# In an underdetermined linear regression setup, why does the residual sum of squares equal 0?

In an underdetermined linear regression where the parameters to estimate outnumber the observations, why is it the case the residual sum of squares, defined as:

$$RSS = \sum_{i=1}^n (y_i-\widehat{y}_i)^2$$

equal zero?

• one way to look at it: if you have at least as many $\beta_p$ as $y_i$, through a change of basis you can make it so that each $x_i$ has zeros in all entries except the $i$th one such that each $y_i$ can have its own regression coefficient. Commented Feb 6, 2023 at 3:41
• @JohnMadden What about the situation I describe in my answer? // If you believe the situation I describe is contained in your approach, please do post as an answer. While I do not believe your approach to be 100% correct (because of something annoying like I describe in my answer), I had never thought about it that for for the case where an over-parameterized regression can get perfect (in-sample) predictions.
– Dave
Commented Feb 6, 2023 at 3:48
• @Dave I didn't mention the case with duplicate X's because you did :) you're right, in that case there's no way to rewrite the x's as I describe: rather, we can think of those two observations as sharing a regression coefficient. Commented Feb 6, 2023 at 3:51
• In geometry one used to talk about points in general position Commented Feb 6, 2023 at 4:58
• "In an underdetermined linear regression setup, why does the residual sum of squares equal 0?" The question is based in a false premise. Commented Feb 6, 2023 at 16:36

That need not be the case.

It is routine to say that a polynomial of degree greater than the sample size will give a perfect fit to the data. However, this will not be the case if two points have equal feature ($$X$$) values but unequal outcome ($$y$$) values. No function can accommodate that. At least one of those points will have a fitted value $$\hat y_i$$ not equal to its observed $$y_i$$ value, thus a strictly positive squared residual.

EDIT

For example...

X  Y
1  1
2  2
3  3
3  4
4  5
5  6


No matter what a model predicts for x = 3, that model will make a prediction that is incorrect, resulting in a positive sum of squared residuals.

This really has nothing to do with $$p>n$$. If you have two instances with equal feature values and unequal outcomes, the model cannot ever get both right.

x1 x2 x3 x4 x5 x6  y
0  0  0  0  0  0  1.1
0  0  1  1  1  0  0.8
0  0  0  0  1  1  0.3
0  1  0  1  0  0  1.1
0  1  0  1  0  0  0.5


The final two rows have identical feature values yet different outcomes, so a model will get at least one of those wrong, leading to a positive sum of squared residuals.

• Your new example doesn't satisfy $n < p$? Commented Feb 8, 2023 at 17:48

With one predictor (and an intercept): two points determines a lines exactly, with less than two points there are infinitely many lines that pass through that point ...

With two predictors (and an intercept): three points determines a plane exactly, with less than three points infinitely many planes will fit perfectly ...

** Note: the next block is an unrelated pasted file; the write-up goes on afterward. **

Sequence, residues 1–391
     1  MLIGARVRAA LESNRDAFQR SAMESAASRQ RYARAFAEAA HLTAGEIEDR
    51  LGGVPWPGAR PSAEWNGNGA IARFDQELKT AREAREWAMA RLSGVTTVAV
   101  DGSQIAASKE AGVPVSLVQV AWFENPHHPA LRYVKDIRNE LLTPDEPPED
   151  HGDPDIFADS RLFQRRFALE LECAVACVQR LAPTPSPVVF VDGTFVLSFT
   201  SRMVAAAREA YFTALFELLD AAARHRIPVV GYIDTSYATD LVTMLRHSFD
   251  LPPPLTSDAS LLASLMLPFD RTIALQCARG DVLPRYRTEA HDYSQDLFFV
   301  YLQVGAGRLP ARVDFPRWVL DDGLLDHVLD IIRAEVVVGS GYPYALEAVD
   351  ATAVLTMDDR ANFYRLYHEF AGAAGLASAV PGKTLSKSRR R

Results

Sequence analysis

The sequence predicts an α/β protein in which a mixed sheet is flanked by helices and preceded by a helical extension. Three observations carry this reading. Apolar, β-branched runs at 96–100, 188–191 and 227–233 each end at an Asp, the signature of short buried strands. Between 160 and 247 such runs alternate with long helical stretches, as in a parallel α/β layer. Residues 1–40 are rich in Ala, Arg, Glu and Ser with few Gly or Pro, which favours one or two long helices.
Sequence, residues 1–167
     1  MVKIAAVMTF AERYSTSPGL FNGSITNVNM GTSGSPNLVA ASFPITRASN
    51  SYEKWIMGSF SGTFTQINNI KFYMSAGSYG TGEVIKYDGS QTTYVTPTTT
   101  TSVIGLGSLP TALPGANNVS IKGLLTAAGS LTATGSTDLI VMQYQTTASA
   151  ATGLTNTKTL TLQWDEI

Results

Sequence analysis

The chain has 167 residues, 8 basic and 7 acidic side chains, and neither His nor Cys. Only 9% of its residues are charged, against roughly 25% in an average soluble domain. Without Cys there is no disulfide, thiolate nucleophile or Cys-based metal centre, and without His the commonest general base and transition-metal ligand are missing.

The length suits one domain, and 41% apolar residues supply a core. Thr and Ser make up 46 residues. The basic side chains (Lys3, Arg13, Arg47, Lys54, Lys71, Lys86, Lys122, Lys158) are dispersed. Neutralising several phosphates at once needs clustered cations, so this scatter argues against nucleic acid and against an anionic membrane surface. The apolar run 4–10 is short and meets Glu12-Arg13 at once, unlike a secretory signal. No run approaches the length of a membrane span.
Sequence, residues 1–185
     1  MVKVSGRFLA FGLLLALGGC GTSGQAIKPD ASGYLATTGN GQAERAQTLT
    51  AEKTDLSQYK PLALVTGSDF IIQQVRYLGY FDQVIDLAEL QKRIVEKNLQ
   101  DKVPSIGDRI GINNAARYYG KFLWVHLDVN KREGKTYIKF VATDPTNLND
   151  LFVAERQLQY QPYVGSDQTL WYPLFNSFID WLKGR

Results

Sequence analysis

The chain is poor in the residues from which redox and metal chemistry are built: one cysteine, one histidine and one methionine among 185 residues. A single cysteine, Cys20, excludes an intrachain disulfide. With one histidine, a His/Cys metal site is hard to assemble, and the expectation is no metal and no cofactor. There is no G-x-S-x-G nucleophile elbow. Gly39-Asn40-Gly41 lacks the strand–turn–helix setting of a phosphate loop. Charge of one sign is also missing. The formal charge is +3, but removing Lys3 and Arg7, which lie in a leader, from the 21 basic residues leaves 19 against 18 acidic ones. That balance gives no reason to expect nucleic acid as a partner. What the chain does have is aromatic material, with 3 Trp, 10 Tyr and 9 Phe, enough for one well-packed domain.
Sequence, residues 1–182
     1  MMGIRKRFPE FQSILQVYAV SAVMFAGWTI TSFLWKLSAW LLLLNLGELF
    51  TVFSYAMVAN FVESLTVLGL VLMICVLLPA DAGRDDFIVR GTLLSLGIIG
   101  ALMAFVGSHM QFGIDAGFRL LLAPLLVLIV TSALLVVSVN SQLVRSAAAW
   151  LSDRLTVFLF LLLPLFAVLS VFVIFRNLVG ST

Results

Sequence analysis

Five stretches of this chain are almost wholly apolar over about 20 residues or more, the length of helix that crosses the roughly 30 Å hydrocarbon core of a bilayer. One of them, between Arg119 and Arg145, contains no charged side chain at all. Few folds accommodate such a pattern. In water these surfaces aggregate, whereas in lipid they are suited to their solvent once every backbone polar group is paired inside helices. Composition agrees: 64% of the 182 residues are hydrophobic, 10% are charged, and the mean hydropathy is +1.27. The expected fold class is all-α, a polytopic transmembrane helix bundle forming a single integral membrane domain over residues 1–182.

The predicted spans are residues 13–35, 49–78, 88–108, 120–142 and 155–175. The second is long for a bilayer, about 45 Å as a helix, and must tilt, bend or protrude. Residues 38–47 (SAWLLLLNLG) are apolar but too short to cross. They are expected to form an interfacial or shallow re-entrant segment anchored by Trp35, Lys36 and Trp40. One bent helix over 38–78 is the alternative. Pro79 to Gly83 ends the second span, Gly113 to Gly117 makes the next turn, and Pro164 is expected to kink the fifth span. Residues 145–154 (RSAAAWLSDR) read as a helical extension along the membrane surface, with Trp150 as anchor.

The same principle continues into higher dimension.

• (some exceptions as noted in the answer by @Dave) Commented Feb 6, 2023 at 3:39

$$\DeclareMathOperator{\rank}{rank}$$ Suppose all observations of explanatory variables are identical, then it can be shown that \begin{align} RSS = \sum_{i = 1}^n(y_i - \bar{y})^2. \tag{1} \end{align} Hence $$RSS > 0$$ unless $$y_1, \ldots, y_n$$ are all identical.

The reason of this example cannot provide a perfect fit is that the rank of the design matrix $$X \in \mathbb{R}^{n \times p}$$ is $$1$$. Following this key observation, there are actually countless examples of $$RSS > 0$$ as long as $$\rank(X) < n$$ (unless $$y$$ is a multiple of $$e = 1_n \in \mathbb{R}^n$$). This is clear from the projection point of view of least squares, because $$\|P_{\text{col}(X)}y\| < \|y\|$$ under the condition $$\rank(X) < n$$ and the linear algebra fact $$\dim(\text{col}(X)) = \rank(X) < n$$ (there is a theorem in linear algebra states that the rank of a matrix is equal to the dimension of column space).

The conjecture will be true if $$\operatorname{rank}(X) = n$$, i.e., $$X$$ is of full row rank. In this case, the dimension of column space is $$n$$ too, which implies that the columns of $$X$$ spans the whole space $$\mathbb{R}^n$$, hence $$y$$ can be perfectly expressed as a linear combination of columns of $$X$$ (i.e., $$y = P_{\text{col}(X)}y$$), this gives $$RSS = \|y - P_{\text{col}(X)}y\|^2 = 0$$.

Proof of $$(1)$$. Suppose there are $$n$$ observations $$(y_i, x_{i1}, \ldots, x_{ip}) \equiv (y_i, x_1, \ldots, x_p)$$, $$i = 1, \ldots, n$$. Then the least squares minimizes the objective function \begin{align} \sum_{i = 1}^n (y_i - (\beta_0 + \beta_1 x_1 + \cdots + \beta_p x_p))^2. \tag{2} \end{align} Set $$t = \beta_0 + \beta_1 x_1 + \cdots + \beta_px_p$$, then it is easy to see the $$t$$ minimizes $$(2)$$ is $$t^* = \bar{y}$$. This implies that the minimizer $$(\hat{\beta}_0, \ldots, \hat{\beta}_p)$$ must satisfy $$\hat{\beta}_0 + \hat{\beta}_1 x_1 + \cdots + \hat{\beta}_px_p = \bar{y}$$, which is equivalent to $$\hat{y}_i = \bar{y}$$. This leads to $$RSS = \sum_{i = 1}^n (y_i - \bar{y})^2$$.

• I don’t agree about me having defined the sum to involve subtracting $\bar y$. Could you please explain your rationale?
– Dave
Commented Feb 8, 2023 at 17:28
• @Dave It can be proved, if the rows of $X$ are identical, the RSS is like this. I will add a proof later (basically all $\hat{y}_i = \bar{y}$). Commented Feb 8, 2023 at 17:30
• What is the relationship to what I wrote?
– Dave
Commented Feb 8, 2023 at 17:34
• You didn't write. I kind of dug a little deeper to your example. Commented Feb 8, 2023 at 17:37
• Sorry, I may have misread your example, I will remove the citation to your answer then. Commented Feb 8, 2023 at 17:45